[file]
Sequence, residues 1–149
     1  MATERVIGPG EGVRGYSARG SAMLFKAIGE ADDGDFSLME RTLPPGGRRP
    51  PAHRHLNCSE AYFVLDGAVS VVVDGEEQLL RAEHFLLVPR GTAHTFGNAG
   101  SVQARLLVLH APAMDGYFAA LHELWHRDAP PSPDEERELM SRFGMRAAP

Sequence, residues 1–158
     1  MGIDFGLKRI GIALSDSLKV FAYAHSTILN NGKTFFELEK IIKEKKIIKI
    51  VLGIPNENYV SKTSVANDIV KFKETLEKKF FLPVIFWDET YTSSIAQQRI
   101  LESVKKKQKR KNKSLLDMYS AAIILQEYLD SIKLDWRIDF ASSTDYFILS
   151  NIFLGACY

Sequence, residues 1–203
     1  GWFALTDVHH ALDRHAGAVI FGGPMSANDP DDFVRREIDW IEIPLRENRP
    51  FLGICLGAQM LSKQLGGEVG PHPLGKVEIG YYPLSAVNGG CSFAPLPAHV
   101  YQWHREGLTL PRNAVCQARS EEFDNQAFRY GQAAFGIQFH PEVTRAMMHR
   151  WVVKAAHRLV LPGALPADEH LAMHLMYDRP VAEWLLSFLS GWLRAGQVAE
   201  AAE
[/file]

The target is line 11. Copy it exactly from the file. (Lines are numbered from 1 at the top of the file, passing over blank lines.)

     1  GWFALTDVHH ALDRHAGAVI FGGPMSANDP DDFVRREIDW IEIPLRENRP